What is the answer? How do we break out of these patterns — to stronger, healthier relationships? To finding a balance between being open and being closed? How do we keep our personal doors unlocked and yet still protect what is inside? I believe there are several ways to address this dichotomous interaction. The initial step is to let go of the idea that someone who reacts or copes differently from us is somehow negative. Then there is self-awareness (Am I an Opener or a Closer?) and convey that information to the person with whom we are attempting to relate. Hopefully they will have cognition of how they operate. From there it’s a matter of compassionately negotiating boundaries. What is acceptable disclosure? What is uncomfortable? How does each person involved define deceit? How open is the shared door and how open is each individual door? If these topics have been broached and agreements made, then much of the work is already done.

What I am learning from my current experience is that compassion is often the simplest solution to the big issues that arise between people. I forgive, not for someone else, but as a gift I give myself, so that I might grow from painful situations.

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Catharsis

My chosen family and I were impacted by the fires in Bastrop County, Texas, over Labor Day weekend, of last year, where 34,000 acres burned to below the ground. It is still difficult to type those words out, the sinking in process over the past six months has been surreal. I couldn’t write about it publicly, afterwards. Could barely talk about it, except in bursts and flashes. There was such loss. Loss of stuff, of course, and loss of security. Loss of promises made to ourselves, loss of past, impacting loss of future. Relationships burned away because of those fires and relationships were forged in that heat.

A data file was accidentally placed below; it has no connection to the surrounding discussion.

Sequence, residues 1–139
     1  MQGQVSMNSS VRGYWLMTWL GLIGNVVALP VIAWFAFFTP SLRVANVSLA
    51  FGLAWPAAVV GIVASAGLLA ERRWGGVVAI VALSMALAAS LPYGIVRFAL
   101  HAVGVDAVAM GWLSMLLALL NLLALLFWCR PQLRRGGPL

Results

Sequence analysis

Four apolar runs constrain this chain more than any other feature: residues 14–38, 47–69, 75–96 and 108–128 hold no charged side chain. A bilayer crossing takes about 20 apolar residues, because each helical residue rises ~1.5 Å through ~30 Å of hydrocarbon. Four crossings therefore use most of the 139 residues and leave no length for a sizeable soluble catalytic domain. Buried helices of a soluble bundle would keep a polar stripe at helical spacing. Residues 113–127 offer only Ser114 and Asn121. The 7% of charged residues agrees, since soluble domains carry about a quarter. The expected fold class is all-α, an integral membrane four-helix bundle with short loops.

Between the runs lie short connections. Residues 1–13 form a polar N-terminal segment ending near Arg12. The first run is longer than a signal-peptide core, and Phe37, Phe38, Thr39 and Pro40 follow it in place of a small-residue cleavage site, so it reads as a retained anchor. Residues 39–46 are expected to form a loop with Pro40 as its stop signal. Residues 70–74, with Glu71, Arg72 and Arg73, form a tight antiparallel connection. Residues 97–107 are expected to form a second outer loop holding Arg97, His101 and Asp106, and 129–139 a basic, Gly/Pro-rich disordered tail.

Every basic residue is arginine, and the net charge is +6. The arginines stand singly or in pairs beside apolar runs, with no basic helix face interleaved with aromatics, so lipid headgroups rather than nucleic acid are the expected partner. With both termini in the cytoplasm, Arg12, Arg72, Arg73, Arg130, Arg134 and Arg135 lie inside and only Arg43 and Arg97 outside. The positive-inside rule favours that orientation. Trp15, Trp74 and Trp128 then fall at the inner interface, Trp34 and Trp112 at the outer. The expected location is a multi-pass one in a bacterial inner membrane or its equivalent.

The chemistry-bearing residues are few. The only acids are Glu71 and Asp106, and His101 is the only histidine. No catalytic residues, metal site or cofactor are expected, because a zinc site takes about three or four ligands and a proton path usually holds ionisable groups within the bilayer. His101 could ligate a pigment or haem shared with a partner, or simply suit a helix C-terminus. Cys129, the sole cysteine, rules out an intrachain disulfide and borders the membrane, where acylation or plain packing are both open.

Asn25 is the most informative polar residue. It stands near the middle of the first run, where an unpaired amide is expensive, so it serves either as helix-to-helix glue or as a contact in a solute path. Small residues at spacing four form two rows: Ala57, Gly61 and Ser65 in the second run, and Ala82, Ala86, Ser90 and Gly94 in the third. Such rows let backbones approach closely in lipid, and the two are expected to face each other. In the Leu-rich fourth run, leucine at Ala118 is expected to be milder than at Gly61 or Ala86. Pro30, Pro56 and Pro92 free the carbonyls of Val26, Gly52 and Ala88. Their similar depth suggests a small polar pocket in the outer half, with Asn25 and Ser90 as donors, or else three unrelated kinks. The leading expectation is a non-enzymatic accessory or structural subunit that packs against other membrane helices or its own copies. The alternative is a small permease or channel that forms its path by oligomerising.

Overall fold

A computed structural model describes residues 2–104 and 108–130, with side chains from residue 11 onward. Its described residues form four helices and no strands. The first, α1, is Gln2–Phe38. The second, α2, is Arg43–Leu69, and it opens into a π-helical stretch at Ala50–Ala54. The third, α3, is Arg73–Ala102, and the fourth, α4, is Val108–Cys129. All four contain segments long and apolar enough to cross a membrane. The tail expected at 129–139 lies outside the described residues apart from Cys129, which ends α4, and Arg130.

"Fiery Sunset" by Jonathan.vail, on Flickr.

After a disaster, a tragedy, there is a lot of support. People come out of the woodwork and it’s beautiful to see and experience. The coming together. The friends that took me in. The friends that sat with me while I boggled at the magnitude of it all. The friends who helped clean up the property. The friends who donated to me and to my family. The work doesn’t end two weeks after the event, though, or a month, or even six months down the line. My family is still dealing with the impact those fires had on their lives. I’m still working through the repercussions of that disaster. How do you articulate that much sorrow? I struggle with that, still. I’m not the only one.

My partner and I broke up recently and I trace back the tension to the fires. We’re still family, we still love our children and are committed to co-parenting but the loss of that relationship is something I mourn more than the loss of objects. My tangible memories, my irreplaceable things. Things I miss. My fountain pen collection that I started when I was ten years old. The masks I haggled for in Africa. Wedding presents. The vintage steamer trunk my parents gave me for my 18th birthday. (Yup, my parents gave me large baggage, as a coming of age present.) My letterman jacket. The jewelry box that I got for Christmas when I was six. My journals and poetry from high school (which might not be much of a loss, most of it was pretty terrible, granted.). I treasure what survived, what was stored elsewhere or the ceramics that didn’t burn. That were re-fired.

My pottery that survived. Photo by Gyesika Safety

And that is what I have learned in the last six months, that everything is constantly changing and sometimes we have to lose in order to gain. That some things will survive but not be the same; and some things we will consciously or unconsciously protect. My relationship with my former partner is being re-fired into something new, and that’s scary but exhilarating, at the same time. I am closer to his family than I was before.  My most precious gift, the one gift that I don’t ever want to lose; that for a brief, terrifying few hours I thought was in danger — my children, were protected. They were safe. I never will forget the roiling terror I felt, until we found out that they were. I have learned, on a profoundly visceral level, that life is more precious than any object.